Big US online companies such as Facebook, Google, Airbnb and Uber could be hit with a new turnover levy on their activities in the EU, if a European Commission proposal due next Wednesday becomes law.
With a large number of the big digital companies having their European headquarters in Ireland, this is a big issue in Irish politics.
The commission’s plan will have two components; a "comprehensive solution" that will take some time to implement; and a "targeted solution" that will take the form of a levy on turnover, which member states could implement swiftly.
According to some background documents in circulation, the levy could be in the range of 1% to 5% of turnover (figures are not definitive yet, and various drafts have different numbers in them).
The money raised would be divided out among the EU member states depending on where data driven transactions take place. Effectively this would mean the states with the biggest populations are getting the bulk of the money raised.
The key to how the tax would be levied, and how it would be divvied up among the member states, is the data generated by users of the internet.
In particular, the levy would apply to companies that turn user data into money by selling targeted advertising (or raw user data), such as Facebook, Google, Twitter, Instagram and "free" Spotify.
The levy would also apply to platforms or marketplaces that charge a fee for connecting buyers and sellers of goods or services, such as Airbnb or Uber.
Excluded from the terms of the levy would be companies that make digital content or solutions available for a fee, which is pretty much any service not paid for by advertising revenue. Examples include paid for Spotify, or other paid streaming services, such as Netflix or gaming platforms that charge a fee.
One commission briefing document refers to "scenarios targeted by this measure" being those "where users play a very active role in the value creation of the business".
In other words, users do not merely "consume" a good or service (such as in the traditional brick-and-mortar business model), but their participation in a digital activity constitutes an essential input for the business carrying out that activity, that will later be "processed and monetised".
The proposals will have turnover thresholds that - depending on one's point of view - either protect start-ups, or target the very big companies, those that can make the best use of the vast amounts of data they collect from users.
One figure that crops up frequently is a global turnover of €750m - the point at which a company would be liable for the tax (this is also the figure used for country-by-country reporting of tax affairs of big multinationals).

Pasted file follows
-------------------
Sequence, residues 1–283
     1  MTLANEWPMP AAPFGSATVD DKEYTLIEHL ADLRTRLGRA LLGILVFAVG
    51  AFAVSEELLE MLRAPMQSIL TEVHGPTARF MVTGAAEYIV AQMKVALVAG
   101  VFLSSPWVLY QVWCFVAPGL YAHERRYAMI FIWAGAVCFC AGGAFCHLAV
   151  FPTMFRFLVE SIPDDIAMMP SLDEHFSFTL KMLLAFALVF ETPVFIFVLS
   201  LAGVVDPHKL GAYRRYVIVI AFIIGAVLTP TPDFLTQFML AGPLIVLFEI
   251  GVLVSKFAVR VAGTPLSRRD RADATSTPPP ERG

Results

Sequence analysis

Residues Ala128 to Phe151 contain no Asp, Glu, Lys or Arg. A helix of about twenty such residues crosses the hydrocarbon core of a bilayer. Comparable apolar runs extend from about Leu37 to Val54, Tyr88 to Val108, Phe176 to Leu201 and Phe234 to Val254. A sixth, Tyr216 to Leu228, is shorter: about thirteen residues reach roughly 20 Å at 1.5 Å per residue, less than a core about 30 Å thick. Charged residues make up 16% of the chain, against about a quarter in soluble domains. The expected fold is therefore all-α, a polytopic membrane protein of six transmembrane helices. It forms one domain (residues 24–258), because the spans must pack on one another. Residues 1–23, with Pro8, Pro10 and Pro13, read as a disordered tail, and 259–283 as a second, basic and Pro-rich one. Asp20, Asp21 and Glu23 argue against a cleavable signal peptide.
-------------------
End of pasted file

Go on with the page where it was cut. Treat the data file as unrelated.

It would also have to have a minimum turnover of €10m inside the EU, although this figure could be higher.
The temporary levy differs radically from normal corporate tax principles, because it is a tax on turnover, not on profits.
It has some similarities with VAT (and the Commission’s proposed mechanism for collecting and allocating the levy is based on existing VAT mechanisms), but normal credit that businesses can obtain for VAT will not be available.
In that sense, it is more akin to excise.
Part of the sales pitch to member states is that the levy would open an entirely new revenue stream for national treasuries, so every state stands to gain money from tax.
However, the cost of the levy would be allowable as a deduction against corporation tax. This could result in some reduction in the amount of corporate income liable for taxation in Ireland.
But in the case of the big US internet companies, the main impact may fall on the shareholders in those companies. European consumers may also have the levy passed on to them, depending on the business model of the companies.
The digital tax proposal will be on the agenda for discussion by EU leaders at their summit in Brussels on 22 March.
Taoiseach Leo Varadkar spoke about it last week, following his meeting with President of the European Council Donald Tusk, expressing again Ireland’s clear preference for dealing with digital tax at a global level via the OECD.
He also said tax should, as a general principle, be charged where value is created "and that is done where something is designed, marketed and made, not where it is sold".
The "targeted solution" is being promoted as a temporary tax, to be used by EU countries while they await a global solution.
It is being promoted as a way of avoiding barriers in the single market.
That is because a number of countries are looking at introducing levies on digital companies (such as the so-called "Google tax" in France and the UK).
To head off this pressure, and avoid new tax barriers, the Commission wants everyone to adopt the same framework for the levy, and ultimately the "comprehensive solution", which it hopes would replace the levy.